TIDEWATER STAGE’S DIAL M FOR MURDER: FABULOUS THEATER

“Smell-o-vision” “Illusion-o” “Percepto” “Sensurround” “3D”

The history of film can be seen as an ongoing attempt to use technology to reproduce and distribute the power of live stage performance inexpensively to a wide audience. Before considering the work at Tidewater Stage, let’s look at the journey Frederick’s Knott’s tale took to get to Virginia Beach.

Sound film – the “talkies” was the first step. 3-D was the second.

The Tidewater Stage’s wonderful production of Frederick Knott’s Dial M for Murder – a stage play used for one of the first attempts at 3-D movie-making by Alfred Hitchcock – demonstrates why the technological adventures are doomed to fail

Alfred Hitchcock’s 1954 film Dial M for Murder was originally planned to be one of the first new 3D films. It was filmed with the modern technology, with the new All-Media camera replacing the Natural Vision camera system which had shot The House of Wax two years earlier.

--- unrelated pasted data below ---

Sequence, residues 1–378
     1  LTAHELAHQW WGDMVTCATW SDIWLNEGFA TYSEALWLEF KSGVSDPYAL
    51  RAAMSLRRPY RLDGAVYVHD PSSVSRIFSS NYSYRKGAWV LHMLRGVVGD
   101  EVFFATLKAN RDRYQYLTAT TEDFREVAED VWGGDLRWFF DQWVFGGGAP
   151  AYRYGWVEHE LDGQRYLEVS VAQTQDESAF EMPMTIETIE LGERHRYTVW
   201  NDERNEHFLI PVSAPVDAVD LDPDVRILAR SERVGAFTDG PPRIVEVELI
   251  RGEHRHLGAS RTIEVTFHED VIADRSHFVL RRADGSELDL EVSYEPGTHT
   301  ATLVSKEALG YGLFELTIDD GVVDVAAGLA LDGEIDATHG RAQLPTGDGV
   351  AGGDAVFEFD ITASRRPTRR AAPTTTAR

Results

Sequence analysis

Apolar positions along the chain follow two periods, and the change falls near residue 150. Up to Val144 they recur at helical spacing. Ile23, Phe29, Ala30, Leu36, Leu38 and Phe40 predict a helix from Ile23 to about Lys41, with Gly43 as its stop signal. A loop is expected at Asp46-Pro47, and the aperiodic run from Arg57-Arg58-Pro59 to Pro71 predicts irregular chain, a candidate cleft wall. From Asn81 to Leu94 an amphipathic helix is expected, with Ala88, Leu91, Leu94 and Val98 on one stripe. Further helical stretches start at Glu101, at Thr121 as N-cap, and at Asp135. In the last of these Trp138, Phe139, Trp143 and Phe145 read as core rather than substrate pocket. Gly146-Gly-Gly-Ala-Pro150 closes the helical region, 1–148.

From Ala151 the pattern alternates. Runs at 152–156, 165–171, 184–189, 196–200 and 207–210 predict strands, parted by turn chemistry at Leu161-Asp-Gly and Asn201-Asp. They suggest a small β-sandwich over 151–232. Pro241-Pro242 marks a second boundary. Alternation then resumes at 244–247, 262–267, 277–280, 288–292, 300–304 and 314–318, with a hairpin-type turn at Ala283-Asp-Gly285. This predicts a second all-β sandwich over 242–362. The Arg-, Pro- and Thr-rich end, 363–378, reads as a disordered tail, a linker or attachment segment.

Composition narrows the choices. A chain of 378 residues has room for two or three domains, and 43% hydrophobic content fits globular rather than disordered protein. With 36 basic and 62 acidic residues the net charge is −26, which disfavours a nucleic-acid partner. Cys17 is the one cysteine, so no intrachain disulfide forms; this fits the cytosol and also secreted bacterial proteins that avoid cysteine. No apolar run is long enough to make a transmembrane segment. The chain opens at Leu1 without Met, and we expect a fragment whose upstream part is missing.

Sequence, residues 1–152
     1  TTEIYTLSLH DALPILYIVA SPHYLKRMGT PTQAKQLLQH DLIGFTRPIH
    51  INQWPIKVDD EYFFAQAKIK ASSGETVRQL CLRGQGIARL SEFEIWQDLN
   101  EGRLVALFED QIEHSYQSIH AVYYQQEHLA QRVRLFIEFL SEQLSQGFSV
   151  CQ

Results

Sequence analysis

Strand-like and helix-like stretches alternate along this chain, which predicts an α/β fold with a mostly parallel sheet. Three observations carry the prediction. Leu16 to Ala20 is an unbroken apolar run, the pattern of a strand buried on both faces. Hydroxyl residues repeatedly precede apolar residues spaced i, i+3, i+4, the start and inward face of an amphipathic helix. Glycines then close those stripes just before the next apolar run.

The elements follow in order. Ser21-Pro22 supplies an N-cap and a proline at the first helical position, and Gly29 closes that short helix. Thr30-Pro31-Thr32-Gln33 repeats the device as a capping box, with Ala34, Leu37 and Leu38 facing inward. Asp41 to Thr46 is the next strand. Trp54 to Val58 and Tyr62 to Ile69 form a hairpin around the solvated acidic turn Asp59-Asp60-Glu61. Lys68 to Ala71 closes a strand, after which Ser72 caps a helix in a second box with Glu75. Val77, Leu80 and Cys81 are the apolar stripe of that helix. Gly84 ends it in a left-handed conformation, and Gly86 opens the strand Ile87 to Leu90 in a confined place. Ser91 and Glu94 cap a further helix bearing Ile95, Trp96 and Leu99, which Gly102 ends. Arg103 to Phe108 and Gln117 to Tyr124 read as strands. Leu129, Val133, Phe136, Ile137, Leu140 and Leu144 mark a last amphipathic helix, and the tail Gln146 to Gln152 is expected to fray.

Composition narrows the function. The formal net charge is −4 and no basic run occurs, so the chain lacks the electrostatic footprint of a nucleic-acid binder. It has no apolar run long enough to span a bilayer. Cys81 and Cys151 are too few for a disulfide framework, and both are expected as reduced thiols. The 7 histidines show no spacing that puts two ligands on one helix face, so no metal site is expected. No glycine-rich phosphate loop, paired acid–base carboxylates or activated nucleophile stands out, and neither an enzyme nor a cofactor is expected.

Hitchcock planned his shots with the innovative technology in mind:

The close ups for example will have to be scrapped completely. Can you imagine two normal sized heads on that big screen? They’d look like monsters. In that respect 3-D will be more like a stage play. But when you’re showing a lot of people at once, 3-D will be very effective. If the whole movie industry goes the way of 3-D, there will be a lot more panoramic films and a lot less intimate stories…. I think 3-D will be best when a movie is planned around these tricks instead of trying to fit them into a movie. I’d like to have a movie start this way: The screen is dark. There is no sound. All of a sudden, a large hand with extra long fingers reaches out and takes the audience by the throat. Think that would frighten you?